Welcome back to ‘Check the Drama at the Door,’ our ongoing series about preventing workplace conflict and promoting a healthy culture. Over the past few weeks, I have been identifying potentially “triggering” events or issues and turning points at which companies may be able to take steps to avoid strife, boost productivity and loyalty and, one hopes, make their businesses desirable employers. If you missed the last couple of posts, check them out here! They cover establishing culture, organizational changes, communication improvement, training practices, HR tools, and workplace investigations.
My experience as an independent workplace investigator has given me a bird’s eye view of workplace conflict as it unfolds, and I have been able to spot a few patterns. One pattern is that there always seems to be a singular point in time where the action could have been avoided. I have been posting a series of blog entries that address best practices for conflict prevention and resolution while identifying potentially triggering turning points. This is the sixth and final post of that series.
Turn challenges into opportunities. Disrupt how people think about conflict. Set a tone at the management level: your company welcomes a low level of drama if it means that it will not escalate into full-blown conflict and will lead to an even better workplace culture.
- Use emotional intelligence to work through situations such as those in the examples given throughout this blog series. This means combining logical information (data, performance expectations, etc.) with a human side. A large percentage of conflict arises not because of what was said, but how it was said.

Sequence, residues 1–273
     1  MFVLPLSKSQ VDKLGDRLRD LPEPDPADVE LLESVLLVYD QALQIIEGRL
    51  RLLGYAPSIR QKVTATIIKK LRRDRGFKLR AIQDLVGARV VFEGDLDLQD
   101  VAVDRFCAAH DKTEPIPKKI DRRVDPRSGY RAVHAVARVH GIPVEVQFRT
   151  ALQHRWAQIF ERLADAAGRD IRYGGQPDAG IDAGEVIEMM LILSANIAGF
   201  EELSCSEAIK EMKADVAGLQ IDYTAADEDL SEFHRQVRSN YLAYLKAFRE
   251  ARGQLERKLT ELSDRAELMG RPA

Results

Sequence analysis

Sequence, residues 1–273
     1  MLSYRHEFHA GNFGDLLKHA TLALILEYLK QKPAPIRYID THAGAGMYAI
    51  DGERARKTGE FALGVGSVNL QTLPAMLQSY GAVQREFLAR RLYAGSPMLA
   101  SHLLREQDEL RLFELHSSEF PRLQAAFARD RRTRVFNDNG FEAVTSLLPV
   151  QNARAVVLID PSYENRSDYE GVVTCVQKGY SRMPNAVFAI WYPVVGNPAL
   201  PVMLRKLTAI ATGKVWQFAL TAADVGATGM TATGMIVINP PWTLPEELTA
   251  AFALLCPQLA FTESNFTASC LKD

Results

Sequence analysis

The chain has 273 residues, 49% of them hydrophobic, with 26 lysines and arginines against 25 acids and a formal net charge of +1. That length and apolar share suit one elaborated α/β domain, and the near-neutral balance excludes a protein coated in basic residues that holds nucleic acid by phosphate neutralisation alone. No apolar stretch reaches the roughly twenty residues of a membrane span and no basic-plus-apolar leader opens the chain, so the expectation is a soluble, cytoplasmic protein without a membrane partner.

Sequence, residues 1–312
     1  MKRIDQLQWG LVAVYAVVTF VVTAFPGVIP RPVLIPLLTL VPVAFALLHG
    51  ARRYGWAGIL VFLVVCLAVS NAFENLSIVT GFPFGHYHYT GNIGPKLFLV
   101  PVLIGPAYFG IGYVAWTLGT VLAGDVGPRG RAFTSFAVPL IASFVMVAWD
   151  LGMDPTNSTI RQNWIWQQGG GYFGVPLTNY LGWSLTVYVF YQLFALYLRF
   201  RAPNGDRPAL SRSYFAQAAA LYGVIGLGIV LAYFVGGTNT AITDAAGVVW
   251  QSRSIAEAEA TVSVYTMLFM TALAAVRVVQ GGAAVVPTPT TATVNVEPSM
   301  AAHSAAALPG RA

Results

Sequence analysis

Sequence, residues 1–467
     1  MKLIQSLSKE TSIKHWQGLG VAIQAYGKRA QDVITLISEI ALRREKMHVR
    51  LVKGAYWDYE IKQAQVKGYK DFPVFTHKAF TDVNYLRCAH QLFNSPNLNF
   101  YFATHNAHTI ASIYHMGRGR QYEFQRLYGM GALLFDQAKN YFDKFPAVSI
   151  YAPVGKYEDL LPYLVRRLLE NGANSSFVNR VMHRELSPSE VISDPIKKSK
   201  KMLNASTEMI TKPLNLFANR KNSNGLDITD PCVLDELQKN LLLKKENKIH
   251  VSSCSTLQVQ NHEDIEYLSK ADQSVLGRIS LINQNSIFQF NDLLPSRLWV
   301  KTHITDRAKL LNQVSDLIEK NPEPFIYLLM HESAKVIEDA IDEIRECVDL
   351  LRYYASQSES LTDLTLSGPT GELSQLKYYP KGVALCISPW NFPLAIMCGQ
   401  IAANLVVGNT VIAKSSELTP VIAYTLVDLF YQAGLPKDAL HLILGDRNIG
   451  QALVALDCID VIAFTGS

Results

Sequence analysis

- Use a common-sense approach. Don’t focus on minutia, citing policies, having secretive meetings, or being afraid of having an overly-informed employee base. Instead, hire and retain employees who are committed as well as passionate about your company and about his or her role within the company.
- Keep perspective. When you are in the trenches, dealing with conflict and near-conflict on a daily basis, it’s easy to lose heart. Take a deep breath and remember to use the tools outlined in this series to keep conflict to a minimum.
No organization has a perfect culture. There will always be areas that can be improved upon, and opportunities to stamp out factors that inhibit a healthy, drama free culture. With each HR challenge comes the potential for organizational improvement. I hope that this series ‘Check the Drama at the Door,’ has been both educational and enjoyable for you, but more importantly I hope that it leads to the healthy culture you desire in your workplace. Thanks for reading!